Re: [J.Kelly@xxxxxxxxxx: Understanding VisAD]


Steve Bellenot wrote:
> 
> ----- Forwarded message from James Kelly <J.Kelly@xxxxxxxxxx> -----
> 
> Hello VisADevelopers,
> 
> I have some thoughts on how to better understand VisAD, and was interested
> to hear other opinions.
> 
> Looking through the VisAD examples I find the examples easier to understand
> if I adopt a consistent convention for the variable names.
> 
> The aim here is to have variable names which suggest what the
> underlying structure is, and which I can understand just
> by looking at them. This relieves me of the burden of looking
> back through the code continuously to see what a given variable
> represents.
> 
> Combined with using Hungarian notatation (eg preceeding FunctionType
> variable names with ft), and listing all the variables in say 30 lines or so,
> I can understand the flow of the program (after some study
> and cross reference to the program of course).
> 
> --- clip ---
> 
> Hungarian notation is very undesirable
> From:    *** Ottinger's Rules for Variable and Class Naming ***
> 
>    2. Don't use Encodings:
> 
>      Encoded names require decyphering. This is true for hungarian
>      and other 'type-encoded' or otherwise encoded variable names.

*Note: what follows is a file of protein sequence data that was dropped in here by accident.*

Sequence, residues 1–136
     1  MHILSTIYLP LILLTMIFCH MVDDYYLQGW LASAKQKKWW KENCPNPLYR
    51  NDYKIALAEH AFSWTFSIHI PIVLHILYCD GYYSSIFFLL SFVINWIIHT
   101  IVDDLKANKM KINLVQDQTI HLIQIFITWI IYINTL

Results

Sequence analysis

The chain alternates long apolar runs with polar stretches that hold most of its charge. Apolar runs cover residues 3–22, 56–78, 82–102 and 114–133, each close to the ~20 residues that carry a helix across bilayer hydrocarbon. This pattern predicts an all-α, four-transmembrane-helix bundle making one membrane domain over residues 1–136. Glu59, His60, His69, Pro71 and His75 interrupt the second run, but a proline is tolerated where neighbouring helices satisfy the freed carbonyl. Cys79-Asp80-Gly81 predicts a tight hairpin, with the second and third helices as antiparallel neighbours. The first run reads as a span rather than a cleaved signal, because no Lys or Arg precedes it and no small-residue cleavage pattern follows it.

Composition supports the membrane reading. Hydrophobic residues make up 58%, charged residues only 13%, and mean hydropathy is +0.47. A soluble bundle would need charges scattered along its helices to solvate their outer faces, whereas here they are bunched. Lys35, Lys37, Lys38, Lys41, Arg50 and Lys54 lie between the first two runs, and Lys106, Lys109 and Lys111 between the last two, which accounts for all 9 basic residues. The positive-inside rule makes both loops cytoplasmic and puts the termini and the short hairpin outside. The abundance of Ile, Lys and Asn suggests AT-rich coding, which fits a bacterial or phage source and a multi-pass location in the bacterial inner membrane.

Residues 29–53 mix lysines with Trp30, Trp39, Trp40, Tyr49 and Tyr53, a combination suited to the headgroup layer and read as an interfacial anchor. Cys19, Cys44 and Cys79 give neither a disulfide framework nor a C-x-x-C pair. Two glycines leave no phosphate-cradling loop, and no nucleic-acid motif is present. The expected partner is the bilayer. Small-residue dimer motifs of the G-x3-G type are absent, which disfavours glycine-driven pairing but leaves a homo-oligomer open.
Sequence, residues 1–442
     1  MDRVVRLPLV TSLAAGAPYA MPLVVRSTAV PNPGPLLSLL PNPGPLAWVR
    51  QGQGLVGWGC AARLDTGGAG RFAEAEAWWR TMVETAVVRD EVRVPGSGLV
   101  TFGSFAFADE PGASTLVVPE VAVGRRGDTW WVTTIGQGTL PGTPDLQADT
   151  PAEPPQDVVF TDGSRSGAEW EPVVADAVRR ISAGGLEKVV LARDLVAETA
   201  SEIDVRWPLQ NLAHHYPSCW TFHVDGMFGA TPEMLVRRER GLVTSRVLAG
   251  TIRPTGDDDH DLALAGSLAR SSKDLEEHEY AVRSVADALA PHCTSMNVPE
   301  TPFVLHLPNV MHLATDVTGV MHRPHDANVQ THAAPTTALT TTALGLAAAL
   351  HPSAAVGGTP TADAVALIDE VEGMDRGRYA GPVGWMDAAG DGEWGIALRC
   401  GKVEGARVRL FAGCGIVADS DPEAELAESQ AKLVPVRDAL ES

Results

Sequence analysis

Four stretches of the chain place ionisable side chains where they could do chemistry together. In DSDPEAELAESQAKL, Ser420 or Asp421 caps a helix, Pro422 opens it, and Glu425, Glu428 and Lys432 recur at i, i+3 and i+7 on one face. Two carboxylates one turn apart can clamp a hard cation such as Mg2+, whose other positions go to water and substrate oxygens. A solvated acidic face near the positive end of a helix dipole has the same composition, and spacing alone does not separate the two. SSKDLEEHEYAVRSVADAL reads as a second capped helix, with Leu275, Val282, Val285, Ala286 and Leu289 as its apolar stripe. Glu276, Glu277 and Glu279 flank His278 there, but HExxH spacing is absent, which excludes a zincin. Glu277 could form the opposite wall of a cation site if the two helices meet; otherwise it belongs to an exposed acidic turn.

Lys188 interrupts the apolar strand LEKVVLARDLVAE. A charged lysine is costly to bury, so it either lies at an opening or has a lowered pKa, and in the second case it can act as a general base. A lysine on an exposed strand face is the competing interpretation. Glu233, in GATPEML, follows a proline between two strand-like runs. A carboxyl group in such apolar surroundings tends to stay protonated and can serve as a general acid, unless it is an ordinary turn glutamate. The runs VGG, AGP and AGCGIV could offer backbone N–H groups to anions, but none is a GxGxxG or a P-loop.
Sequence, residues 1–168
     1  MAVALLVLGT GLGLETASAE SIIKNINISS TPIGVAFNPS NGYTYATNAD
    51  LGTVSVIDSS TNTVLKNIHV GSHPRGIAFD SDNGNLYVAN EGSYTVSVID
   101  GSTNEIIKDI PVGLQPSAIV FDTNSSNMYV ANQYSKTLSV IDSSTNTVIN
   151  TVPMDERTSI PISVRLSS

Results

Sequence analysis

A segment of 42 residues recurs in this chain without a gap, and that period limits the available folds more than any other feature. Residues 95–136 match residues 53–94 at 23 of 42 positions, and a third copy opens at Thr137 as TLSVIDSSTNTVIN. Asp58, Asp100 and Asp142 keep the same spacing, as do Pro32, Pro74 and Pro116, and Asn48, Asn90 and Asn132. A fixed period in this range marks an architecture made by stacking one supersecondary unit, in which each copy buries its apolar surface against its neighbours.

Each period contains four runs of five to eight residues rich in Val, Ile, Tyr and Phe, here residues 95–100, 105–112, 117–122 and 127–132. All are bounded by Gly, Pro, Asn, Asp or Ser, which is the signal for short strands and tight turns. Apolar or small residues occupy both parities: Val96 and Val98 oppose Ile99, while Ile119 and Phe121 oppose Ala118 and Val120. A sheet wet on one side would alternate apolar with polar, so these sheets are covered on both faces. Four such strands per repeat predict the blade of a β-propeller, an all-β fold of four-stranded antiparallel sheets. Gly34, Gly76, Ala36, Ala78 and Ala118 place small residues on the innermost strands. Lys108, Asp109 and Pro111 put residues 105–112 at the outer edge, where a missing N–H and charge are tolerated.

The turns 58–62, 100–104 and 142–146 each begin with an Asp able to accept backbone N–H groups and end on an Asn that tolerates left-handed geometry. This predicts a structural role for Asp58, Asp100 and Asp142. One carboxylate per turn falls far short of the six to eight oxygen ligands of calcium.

>      Besides, encoded names are seldom pronouncable (#1).
> 
>      When you worked in name-length-challenged programs, you
>      probably violated this rule with impunity and regret. Fortran
>      forced it by basing type on the first letter, making the
>      first letter a 'code' for the type. Hungarian has taken this
>      to a whole new level.
> 
>      Of course, you can get used to anything, but why create an
>      artificial learning curve for new hires? Avoid this if you
>      can avoid it.


The "rule" you present here applies to creating and maintaining REAL
code.  What James suggests is a potentially useful crutch for LEARNING
how to write VisAD code.  If the relatively trivial learning curve
associated with James' convention signifigantly lessens the learning
curve associated with VisAD, then that's a signifigant gain. 
 
Certainly "your mileage may vary," but at least it's worth a case
study.  I notice that there are a lot of new users on the list.  They
could try this out, see if it accelerates their progress, and report
back.


-- 
John Brecht
SRI International
Center for Technology in Learning
333 Ravenswood Avenue
Menlo Park, CA  94025
650-859-2325 (voice)
650-859-3673 (fax)
john.brecht@xxxxxxx
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